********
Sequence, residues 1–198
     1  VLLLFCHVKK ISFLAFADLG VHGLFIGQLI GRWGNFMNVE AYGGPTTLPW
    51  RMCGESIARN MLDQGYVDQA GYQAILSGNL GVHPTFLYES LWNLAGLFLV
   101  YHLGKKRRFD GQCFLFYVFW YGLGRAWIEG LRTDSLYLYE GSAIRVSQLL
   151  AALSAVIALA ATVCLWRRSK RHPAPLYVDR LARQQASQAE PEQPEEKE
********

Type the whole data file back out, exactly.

Sequence, residues 1–198
     1  VLLLFCHVKK ISFLAFADLG VHGLFIGQLI GRWGNFMNVE AYGGPTTLPW
    51  RMCGESIARN MLDQGYVDQA GYQAILSGNL GVHPTFLYES LWNLAGLFLV
   101  YHLGKKRRFD GQCFLFYVFW YGLGRAWIEG LRTDSLYLYE GSAIRVSQLL
   151  AALSAVIALA ATVCLWRRSK RHPAPLYVDR LARQQASQAE PEQPEEKE